When First I Knew This Place

essay by Dr Naomi Parry

When First I Knew This Place is a series of photographs taken of the waters of the River Lett, at a place called Hyde Park, in the Hartley Valley, between Lithgow and the Blue Mountains. These photos also tell a story: of a woman’s grief and her healing.

The River Lett flows from a series of creeks that start on the sandstone ridge tops at Dargan, Bell and Mt Victoria, and fall, eventually, into the Cox’s River – a river named for the man who built the first road west, over the Blue Mountains. The sheer sandstone cliffs that surround the valley are so dominant it is a surprise to find that the base of the plains is smooth pink granite.

As a river named by Europeans the area carries many misnomers. The names the Wiradjuri and Gundungurra Aboriginal people used in this place are lost to us. The term River Lett is an adulteration of Rivulet. Hyde Park was gazetted as a reserve in 1881, and has been known as Hyde Park since at least 1897, but nobody remembers quite why. It is a place constantly renamed, remade, reshaped.

Today Hyde Park is a popular swimming hole for people from Lithgow and surrounding areas, who come for the deep cold water. The visits of locals mark the landscape with the traffic of cars and feet. It is a haven of snow gum, candlebark, ribbon gum, yellow box, lemon scented tea tree, river bottlebrush, river lomatia, Lissanthe strigosa and Bursaria spinosa – the blackthorn the endangered copper wing butterfly needs to breed. The precious Grevillea rosmarinifolia and Asterolasia buxifolia were thought to be extinct but grow well here. The water polishes the rocks glassy smooth, turning them into slippery dips and ice rinks for joyful kids.

But water is compelling for reasons beyond recreation. In Landscape and Memory, Simon Schama wrote about the perception of water and its cycles in the sense of bodily circulation and how big rivers like the Nile became places of sacrifice, propitiation, death and resurrection, fertility and libation. When the water is low, there is lamentation, with the floods come the myths of death and rebirth. Eastern people see rivers as loops; Western rivers are linear. Schama writes about Colonna’s battle to emerge from a forest, using the river to get his bearings.[1] Rivers help us orient ourselves. We all know to follow a river downstream.

Aboriginal people see rivers as the seat of women’s responsibilities: for love, water cycles, nurturing and local groups hold Hyde Park dearly, as a sacred women’s place. Wiradjuri woman Sharon Riley says Hyde Park is the head of the east-west flow, and a site for women to tell stories. A Bidigal woman of the Dharawal people, Frances Bodkin, who lives within huge looping Hawkesbury- Nepean River catchment, of which the Lett forms part, says “the rivers are the veins of the earth . . . the water is the blood of the earth . . . some would call them tears of the earth”.[2]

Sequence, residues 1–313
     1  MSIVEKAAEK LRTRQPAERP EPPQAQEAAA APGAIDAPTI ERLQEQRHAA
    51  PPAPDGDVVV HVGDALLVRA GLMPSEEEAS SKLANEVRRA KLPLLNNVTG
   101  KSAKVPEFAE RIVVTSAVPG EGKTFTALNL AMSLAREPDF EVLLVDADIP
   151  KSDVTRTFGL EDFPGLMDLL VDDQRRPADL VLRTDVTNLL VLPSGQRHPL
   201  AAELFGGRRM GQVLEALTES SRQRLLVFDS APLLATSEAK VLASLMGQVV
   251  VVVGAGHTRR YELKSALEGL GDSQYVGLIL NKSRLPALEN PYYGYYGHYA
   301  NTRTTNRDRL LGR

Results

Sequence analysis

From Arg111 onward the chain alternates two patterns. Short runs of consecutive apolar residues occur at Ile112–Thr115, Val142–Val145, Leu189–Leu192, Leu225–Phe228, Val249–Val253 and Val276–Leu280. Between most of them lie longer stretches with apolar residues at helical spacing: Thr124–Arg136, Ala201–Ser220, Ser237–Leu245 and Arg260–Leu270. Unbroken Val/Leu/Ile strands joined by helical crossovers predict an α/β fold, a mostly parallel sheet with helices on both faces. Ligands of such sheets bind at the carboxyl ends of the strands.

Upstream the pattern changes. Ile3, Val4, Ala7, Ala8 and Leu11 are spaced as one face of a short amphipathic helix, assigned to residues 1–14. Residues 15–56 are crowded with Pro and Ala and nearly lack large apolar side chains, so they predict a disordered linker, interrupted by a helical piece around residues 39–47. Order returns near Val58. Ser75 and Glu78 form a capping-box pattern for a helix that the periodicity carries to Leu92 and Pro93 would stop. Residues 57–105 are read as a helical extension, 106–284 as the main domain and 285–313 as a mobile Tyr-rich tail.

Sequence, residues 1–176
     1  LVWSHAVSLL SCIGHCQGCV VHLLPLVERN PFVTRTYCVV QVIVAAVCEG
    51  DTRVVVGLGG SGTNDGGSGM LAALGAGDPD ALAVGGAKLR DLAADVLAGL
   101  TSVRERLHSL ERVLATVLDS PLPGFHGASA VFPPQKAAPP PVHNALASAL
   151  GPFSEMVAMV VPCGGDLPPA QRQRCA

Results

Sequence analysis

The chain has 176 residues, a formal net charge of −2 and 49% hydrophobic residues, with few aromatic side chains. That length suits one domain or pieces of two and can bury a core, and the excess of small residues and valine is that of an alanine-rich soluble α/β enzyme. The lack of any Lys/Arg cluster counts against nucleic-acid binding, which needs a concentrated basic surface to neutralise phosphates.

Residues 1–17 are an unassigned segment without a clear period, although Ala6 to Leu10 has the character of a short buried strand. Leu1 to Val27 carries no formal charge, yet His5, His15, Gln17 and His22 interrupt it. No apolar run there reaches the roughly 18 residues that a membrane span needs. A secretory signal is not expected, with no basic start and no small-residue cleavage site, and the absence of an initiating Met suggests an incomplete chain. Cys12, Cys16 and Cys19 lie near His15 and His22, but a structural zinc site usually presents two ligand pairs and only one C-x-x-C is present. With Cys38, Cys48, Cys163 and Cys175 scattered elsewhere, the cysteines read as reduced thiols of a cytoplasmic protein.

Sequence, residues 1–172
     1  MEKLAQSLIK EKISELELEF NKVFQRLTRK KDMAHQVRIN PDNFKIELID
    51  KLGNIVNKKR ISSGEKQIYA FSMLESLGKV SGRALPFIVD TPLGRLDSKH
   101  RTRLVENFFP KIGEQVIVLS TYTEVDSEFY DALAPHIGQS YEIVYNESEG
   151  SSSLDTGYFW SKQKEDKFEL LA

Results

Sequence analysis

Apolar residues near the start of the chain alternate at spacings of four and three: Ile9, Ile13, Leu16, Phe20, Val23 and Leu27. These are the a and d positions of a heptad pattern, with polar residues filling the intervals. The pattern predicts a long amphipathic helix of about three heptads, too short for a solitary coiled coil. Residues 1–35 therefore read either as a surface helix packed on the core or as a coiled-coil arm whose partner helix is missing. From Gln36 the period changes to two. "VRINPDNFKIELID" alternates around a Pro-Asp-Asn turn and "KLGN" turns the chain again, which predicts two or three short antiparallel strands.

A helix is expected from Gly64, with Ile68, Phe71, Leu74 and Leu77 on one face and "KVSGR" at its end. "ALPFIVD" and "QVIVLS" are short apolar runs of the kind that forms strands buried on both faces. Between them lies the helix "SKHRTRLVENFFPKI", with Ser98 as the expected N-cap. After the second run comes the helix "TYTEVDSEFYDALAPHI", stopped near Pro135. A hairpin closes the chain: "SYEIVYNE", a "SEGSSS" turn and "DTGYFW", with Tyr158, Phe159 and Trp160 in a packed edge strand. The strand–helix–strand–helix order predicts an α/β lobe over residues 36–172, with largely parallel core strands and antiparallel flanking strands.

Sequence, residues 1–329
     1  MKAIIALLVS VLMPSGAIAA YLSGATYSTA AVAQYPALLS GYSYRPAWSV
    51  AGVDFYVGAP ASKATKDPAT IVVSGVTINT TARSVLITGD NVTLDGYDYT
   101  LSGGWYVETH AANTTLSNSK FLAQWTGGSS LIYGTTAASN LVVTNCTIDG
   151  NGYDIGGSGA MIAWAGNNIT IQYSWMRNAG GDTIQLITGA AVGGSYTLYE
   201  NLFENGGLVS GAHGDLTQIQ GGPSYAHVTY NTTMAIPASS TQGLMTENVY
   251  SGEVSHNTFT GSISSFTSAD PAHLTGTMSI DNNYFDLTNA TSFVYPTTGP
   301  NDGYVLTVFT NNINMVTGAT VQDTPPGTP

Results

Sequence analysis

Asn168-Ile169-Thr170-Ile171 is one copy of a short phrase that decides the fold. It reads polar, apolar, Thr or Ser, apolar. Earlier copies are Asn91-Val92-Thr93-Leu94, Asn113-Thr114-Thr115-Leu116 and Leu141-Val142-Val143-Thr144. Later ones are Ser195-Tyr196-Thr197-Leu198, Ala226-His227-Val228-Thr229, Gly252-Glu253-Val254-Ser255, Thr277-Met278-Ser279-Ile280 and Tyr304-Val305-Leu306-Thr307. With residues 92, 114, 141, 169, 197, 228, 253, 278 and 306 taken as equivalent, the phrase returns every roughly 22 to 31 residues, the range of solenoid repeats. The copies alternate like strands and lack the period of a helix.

Hyde Park is where Julie came to remake herself, without knowing the healing powers of this place. The catalyst was loss. In 2004, in the peak of the drought, Julie’s partner died suddenly and tragically and grief became all and everything for her. But three years later the drought began to break and water flowed again in the Hartley Valley. Julie’s eyes, and her camera, were drawn to the water. When there were few people around, in the cold shifting seasons of spring and autumn, as the water ebbed and flowed, through granite that is the colour of grief: the same pink as ashes of roses and shiny, like headstones.

Making these photographs was a form of meditation for Julie. The process required close focus on the rushing soothing water. A focus no wider than the span of a hand. These were long exposures, 1/6 to 1/13 seconds, just enough time for the water to move through the frame, a little longer than the eye can hold focus. For Julie, this absorption meant she could forget about anything beyond the next photo.

Yet that tight focus did not limit her vision. She was always seeking the next photo although it was impossible to see what had happened at the time each shutter closed. When she got home, she would dump the day’s shots onto her computer, in their thousands. She would print the ones she wanted to look more deeply into. Water polishing pink, brown, quartzite, jade and chartreuse green from the rocks. Water becoming squiggles of neon light, sheets of limestone stalagmites, ice, mist. Just as the Golden Mean opens into the fullness of form, as fractals do, each photo uncurled and opened.

As children we suspend disbelief and spot shapes in clouds. If we do the same with these photographs they morph into full landscapes, with caverns, ridge tops, waterfalls, valleys, clouds, oceans. Some are painterly and evoke the elemental battle shown in Caspar David Friedrich’s The Wanderer in a Sea of Fog, others the light in Jules Bastien LePage’s Snow Effect Damvillers. Julie’s photos contain shipwrecks, archers, sextants, the colours of planetary rings, the vastness we can now explore through the Hubble Telescope.

Julie Williams’ series has been an exploration of what we may yet find – of the ways the smallness and stillness of grief – opens into vastness, the sublime, and new life.

[1] Simon Schama, Landscape and Memory, London: Harper Collins, 1995.
[2] Our Rivers, more than just water, Hawkesbury-Nepean Catchment Management Authority, 2010,

© 2011 Dr Naomi Parry

Dr Naomi Parry is a historian and was recently the Cultural Development Officer at Lithgow City Council, where she learned about Hyde Park for the first time.